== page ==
observing procedures

Procedures for astronomical observations

Although some observing procedures may depend on the program being carried out, others are essentially dictated by the type of data being collected. This is the case in particular for spectropolarimetric studies, in which very small amplitude signals (ranging typically from about 1% of the unpolarised continuum for the largest signals down to about 10ppm for the smallest ones) are usually being looked for. In this case, it is important to minimise all sorts of spurious signatures that can plague the data being collected.

Optimally, one would need to record the spectra associated to orthogonal states of a given polarisation both simultaneously (to avoid mistaking polarisation signatures with temporal variations) and at the same place on the detector (so that pixel to pixel differences do not affect the results). Since this is obviously impossible, the solution we adopt is to regularly swap the role of both beams within the instrument by rotating waveplates between exposures. This way, we make sure that both polarisation states are collected simultaneously (although on different detector regions) within each exposure; we also ensure that the same region of the ccd detector records both polarisation states (although not simultaneously) to minimise all errors resulting from flat fielding procedures. This compromise, although not ideal, has the obvious advantage of getting rid of all systematics at first order. This method is also useful to minimise errors caused by slight waveplates imperfections, and in particular to correct at first order all crosstalk between circular and linear polarisation states.

In practice, this solution consists in dividing each polarisation exposure in a series of 4 subexposures, each taken in a different waveplate configuration. Polarisation information is then obtained by processing the complete series of 4 subesposures with the specific reduction tools, while unpolarised spectra can be derived by individually processing each of the four subexposures. These observing procedures are implemented in the instrument control software of ESPaDOnS as scripts, chaining automatically waveplate settings for individual subexposures along with ccd exposure and readout tasks.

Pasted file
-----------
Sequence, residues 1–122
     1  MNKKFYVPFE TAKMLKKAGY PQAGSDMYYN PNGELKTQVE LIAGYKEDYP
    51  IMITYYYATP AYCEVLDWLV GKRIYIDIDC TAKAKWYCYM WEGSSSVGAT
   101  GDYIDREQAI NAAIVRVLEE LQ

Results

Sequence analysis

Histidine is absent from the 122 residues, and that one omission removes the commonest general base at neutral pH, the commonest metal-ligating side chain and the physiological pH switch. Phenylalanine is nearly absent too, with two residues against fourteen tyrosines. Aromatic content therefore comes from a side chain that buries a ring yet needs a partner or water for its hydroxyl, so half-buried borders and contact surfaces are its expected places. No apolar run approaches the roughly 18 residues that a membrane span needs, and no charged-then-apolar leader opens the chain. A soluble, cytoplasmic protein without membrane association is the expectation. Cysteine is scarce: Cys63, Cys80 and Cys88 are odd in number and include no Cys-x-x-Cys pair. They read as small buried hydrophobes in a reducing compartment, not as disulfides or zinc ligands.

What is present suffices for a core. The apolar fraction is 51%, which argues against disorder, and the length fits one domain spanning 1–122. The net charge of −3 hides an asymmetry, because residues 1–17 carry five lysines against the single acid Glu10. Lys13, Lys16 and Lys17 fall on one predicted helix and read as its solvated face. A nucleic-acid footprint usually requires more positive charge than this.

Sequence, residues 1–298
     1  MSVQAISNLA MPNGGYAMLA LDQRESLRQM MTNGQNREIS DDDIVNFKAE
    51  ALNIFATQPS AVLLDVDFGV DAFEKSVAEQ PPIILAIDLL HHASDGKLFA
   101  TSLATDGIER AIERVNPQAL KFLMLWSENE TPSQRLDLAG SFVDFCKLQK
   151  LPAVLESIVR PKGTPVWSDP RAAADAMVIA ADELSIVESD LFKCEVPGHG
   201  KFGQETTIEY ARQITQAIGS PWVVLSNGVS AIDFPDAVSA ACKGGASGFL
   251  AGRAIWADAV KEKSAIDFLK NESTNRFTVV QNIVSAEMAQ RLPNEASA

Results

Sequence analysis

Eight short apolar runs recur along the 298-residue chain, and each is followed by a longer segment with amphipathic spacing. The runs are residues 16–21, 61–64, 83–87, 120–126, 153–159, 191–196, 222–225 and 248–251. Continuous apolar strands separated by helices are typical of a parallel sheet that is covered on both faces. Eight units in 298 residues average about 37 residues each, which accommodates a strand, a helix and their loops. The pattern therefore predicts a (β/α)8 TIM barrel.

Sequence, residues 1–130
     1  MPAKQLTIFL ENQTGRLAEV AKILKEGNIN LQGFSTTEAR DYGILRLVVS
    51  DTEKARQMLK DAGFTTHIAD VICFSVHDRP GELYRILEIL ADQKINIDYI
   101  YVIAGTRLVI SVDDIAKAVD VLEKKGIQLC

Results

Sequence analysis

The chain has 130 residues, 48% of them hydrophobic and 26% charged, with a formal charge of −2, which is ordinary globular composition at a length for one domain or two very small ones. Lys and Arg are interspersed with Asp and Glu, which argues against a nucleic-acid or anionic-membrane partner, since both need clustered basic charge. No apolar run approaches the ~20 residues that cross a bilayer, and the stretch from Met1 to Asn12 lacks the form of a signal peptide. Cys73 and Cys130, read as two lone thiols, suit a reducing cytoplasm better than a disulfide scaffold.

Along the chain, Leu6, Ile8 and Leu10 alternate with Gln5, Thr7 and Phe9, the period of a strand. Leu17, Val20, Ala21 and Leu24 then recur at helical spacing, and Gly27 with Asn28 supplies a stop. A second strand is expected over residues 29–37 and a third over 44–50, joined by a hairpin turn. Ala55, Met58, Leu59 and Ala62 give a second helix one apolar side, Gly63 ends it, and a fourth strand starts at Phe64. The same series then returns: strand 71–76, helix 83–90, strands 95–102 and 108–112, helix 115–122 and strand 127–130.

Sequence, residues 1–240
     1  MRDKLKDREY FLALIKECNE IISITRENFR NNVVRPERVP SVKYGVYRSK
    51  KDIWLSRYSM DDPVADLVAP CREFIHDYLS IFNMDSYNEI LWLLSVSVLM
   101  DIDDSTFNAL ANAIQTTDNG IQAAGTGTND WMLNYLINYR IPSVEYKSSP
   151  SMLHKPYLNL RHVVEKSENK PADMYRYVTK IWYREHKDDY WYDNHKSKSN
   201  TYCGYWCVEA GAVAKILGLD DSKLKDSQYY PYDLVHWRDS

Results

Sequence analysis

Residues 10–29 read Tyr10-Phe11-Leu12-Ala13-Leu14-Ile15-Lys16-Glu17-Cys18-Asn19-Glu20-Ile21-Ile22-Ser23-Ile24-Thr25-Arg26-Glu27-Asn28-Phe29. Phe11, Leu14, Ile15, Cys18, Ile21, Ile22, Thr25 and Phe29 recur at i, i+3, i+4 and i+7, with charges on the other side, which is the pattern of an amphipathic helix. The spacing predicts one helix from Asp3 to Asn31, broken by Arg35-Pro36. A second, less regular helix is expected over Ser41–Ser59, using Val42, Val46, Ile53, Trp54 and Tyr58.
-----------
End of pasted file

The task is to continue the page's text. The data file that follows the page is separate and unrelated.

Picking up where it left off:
Similar procedures can be used for scientific programs interested in measuring very small signals whose origin is not polarisation but rather temporal variations, such as small spectral variations induced by, eg, atmospheric pulsations, wind phenomena, activity cycles or extrasolar planets. Although the details of the observing procedure are different, the basic principles remain the same and aim at minimising all spurious signatures in the collected data. Such procedures are not implemented yet, but could be added later on specific requests from users.

Calibration sequences

Similarly, it is important to run sequences of calibration exposures to ensure that everything is setup properly for collecting stellar exposures and reducing them in real time. Such calibration sequences are usually taken once before sunset, and a second time after sunrise (to keep night time for stellar exposures).

A typical calibration sequence includes at least the following mandatory frames: Optional (and recommended) calibration exposures to be added to the series are: Unless radial velocity information at a precision higher than 50m/s is required, it is not necessary to collect comparison frames throughout the night; using the numerous telluric lines present in the collected stellar frames is usually enough to correct for potential spectral drifts (caused mainly by thermal and pressure fluctuations) across the night with an accuracy of a few tens m/s.

Scripts designed for carrying out automatically such sequences of calibration exposures are already implemented in the instrument control software and can be started with one single command line or with just a few clicks.

© Jean-François Donati, last update May 24 2004